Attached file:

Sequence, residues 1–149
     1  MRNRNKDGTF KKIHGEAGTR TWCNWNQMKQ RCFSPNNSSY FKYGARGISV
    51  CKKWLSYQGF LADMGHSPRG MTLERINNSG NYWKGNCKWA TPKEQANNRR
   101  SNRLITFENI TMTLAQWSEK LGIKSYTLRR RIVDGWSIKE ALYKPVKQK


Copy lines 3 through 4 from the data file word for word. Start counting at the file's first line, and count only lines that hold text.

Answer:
    51  CKKWLSYQGF LADMGHSPRG MTLERINNSG NYWKGNCKWA TPKEQANNRR
   101  SNRLITFENI TMTLAQWSEK LGIKSYTLRR RIVDGWSIKE ALYKPVKQK